The charity provides real hair wigs, free of charge, to children and young people who have lost their own hair through cancer treatment and other conditions.
Daisy said she had been ‘excited’ to donate the hair after growing it out for two years.
‘I’m doing this because when people need help, we should help them,’ she said. ‘My mummy did it when she was a bit younger.’
Liam, Daisy’s dad, explained that his wife and mother-in-law also had their hair cut a few years ago.
He said: ‘She obviously knew that mummy got her hair cut when she was a bit younger but didn’t understand why.
‘A good while ago we were having a spring clean and found the certificate and Daisy was asking questions.
‘A little while after that Daisy said that she’d like to do something similar, so we’ve let it grow wild since then.’
Originally trying to raise up to £550, Daisy has now managed to raise over £2,000.
‘It was £550 she wanted to raise,’ Liam said. ‘That was the aim because it will allow the trust to, with the donation, get the hair made it into a wig and get it sized for a boy or girl that needs it.
‘So, even when the trust gets the hair, they still have to do things with it. We wanted to cover the donation from start to finish.
‘Miraculously, Daisy’s absolutely smashed that.’
He added: ‘She’s a very caring child, she’s very thoughtful.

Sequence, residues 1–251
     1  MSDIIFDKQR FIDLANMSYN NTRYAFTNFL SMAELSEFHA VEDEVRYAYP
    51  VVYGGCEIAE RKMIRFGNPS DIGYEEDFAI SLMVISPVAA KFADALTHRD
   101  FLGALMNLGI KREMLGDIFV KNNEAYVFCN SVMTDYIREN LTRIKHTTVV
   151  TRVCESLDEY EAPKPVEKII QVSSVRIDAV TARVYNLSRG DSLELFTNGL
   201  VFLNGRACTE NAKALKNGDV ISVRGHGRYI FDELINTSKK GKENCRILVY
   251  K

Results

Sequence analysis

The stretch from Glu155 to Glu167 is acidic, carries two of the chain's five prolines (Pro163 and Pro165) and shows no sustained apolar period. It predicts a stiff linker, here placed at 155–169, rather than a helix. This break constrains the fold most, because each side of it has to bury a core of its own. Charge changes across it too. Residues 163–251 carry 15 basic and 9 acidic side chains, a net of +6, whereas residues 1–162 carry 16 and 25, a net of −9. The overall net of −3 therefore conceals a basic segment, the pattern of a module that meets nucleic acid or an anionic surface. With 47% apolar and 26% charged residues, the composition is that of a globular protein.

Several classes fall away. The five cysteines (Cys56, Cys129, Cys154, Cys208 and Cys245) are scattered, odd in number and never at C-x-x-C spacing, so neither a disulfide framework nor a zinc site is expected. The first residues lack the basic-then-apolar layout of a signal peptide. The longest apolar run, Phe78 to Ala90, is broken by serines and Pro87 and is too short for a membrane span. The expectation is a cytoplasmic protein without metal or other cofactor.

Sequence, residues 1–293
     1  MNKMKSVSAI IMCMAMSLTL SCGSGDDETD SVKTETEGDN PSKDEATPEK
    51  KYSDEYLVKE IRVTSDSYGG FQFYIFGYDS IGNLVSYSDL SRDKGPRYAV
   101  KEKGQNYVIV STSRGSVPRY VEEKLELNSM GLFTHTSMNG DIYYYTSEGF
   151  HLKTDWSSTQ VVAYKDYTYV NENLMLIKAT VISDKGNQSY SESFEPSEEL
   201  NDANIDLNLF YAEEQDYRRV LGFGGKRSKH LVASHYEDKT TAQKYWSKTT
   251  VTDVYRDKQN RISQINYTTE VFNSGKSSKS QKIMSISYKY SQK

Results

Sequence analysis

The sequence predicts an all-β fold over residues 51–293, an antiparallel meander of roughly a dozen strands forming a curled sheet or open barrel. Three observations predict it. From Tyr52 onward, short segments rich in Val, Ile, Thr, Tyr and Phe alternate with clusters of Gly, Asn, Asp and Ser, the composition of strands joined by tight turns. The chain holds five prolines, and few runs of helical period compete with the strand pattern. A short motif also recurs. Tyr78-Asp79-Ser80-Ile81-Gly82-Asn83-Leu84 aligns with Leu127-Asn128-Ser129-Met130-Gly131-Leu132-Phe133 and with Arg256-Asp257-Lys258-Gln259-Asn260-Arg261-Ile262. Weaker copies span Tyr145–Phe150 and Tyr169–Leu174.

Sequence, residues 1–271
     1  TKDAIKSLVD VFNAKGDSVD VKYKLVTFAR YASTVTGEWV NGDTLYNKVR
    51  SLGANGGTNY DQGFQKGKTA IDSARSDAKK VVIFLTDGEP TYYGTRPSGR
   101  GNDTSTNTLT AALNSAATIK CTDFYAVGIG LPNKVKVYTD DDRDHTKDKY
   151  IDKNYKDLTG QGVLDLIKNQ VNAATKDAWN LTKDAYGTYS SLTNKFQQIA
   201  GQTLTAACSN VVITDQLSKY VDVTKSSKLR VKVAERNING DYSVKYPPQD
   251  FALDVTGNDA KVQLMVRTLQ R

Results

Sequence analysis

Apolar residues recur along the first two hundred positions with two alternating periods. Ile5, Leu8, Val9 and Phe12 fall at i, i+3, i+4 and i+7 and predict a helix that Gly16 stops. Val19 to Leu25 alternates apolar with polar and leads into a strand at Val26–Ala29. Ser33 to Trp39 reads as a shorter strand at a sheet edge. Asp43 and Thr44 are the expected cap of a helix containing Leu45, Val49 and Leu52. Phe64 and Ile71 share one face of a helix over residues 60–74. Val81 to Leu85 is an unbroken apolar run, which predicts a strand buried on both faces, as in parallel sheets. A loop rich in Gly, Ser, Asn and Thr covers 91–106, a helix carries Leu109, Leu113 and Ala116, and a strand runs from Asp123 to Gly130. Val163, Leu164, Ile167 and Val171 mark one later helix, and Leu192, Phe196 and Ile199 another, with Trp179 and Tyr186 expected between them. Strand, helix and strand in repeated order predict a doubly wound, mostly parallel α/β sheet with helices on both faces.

‘It was two years ago she started growing her hair so it’s been a good while. She’s only just turned seven, so she was five when she said she’d like to do it.
‘She’s kept on mentioning it but it’s more at the forefront of her mind now and every day she’s checking her fundraising page and her eyes light up every time she sees the figures.’
When asked about how much she’d raised, he said: ‘It’s a great deal of money. We’ve had family and friends add to it and we’ve had some wonderful gestures.
‘The guy who is cutting her hair at Utopia is giving his time and doing the cut free of charge.
‘Everybody’s been really generous and it’s quite mindblowing really.’
He explained that every time Daisy’s sister has had her hair done, they have asked Daisy if she wants hers cut too.
‘Not to discourage but just to make sure she still wanted to do this,’ Liam said. ‘She’s always said “no, I’m doing this for the boys and girls”.
‘For someone so young it’s such a lovely thing to do. We’re all so proud.’
There are still funds to come from a school event that Daisy and her sister took part in last month, which raised £259. Henry Bloom Noble Primary School held a ‘Crazy Hair Day’, in which Daisy’s mum managed to style Daisy’s hair into an octopus.